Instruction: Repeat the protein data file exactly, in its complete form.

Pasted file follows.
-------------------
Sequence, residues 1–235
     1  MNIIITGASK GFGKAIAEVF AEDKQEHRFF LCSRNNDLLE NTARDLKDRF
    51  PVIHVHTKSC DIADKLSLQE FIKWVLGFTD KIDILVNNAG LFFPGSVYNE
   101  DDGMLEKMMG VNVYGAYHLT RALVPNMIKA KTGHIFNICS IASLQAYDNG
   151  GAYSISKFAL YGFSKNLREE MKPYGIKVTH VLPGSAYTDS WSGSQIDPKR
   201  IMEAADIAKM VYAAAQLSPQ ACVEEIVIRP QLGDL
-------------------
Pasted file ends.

Sequence, residues 1–235
     1  MNIIITGASK GFGKAIAEVF AEDKQEHRFF LCSRNNDLLE NTARDLKDRF
    51  PVIHVHTKSC DIADKLSLQE FIKWVLGFTD KIDILVNNAG LFFPGSVYNE
   101  DDGMLEKMMG VNVYGAYHLT RALVPNMIKA KTGHIFNICS IASLQAYDNG
   151  GAYSISKFAL YGFSKNLREE MKPYGIKVTH VLPGSAYTDS WSGSQIDPKR
   201  IMEAADIAKM VYAAAQLSPQ ACVEEIVIRP QLGDL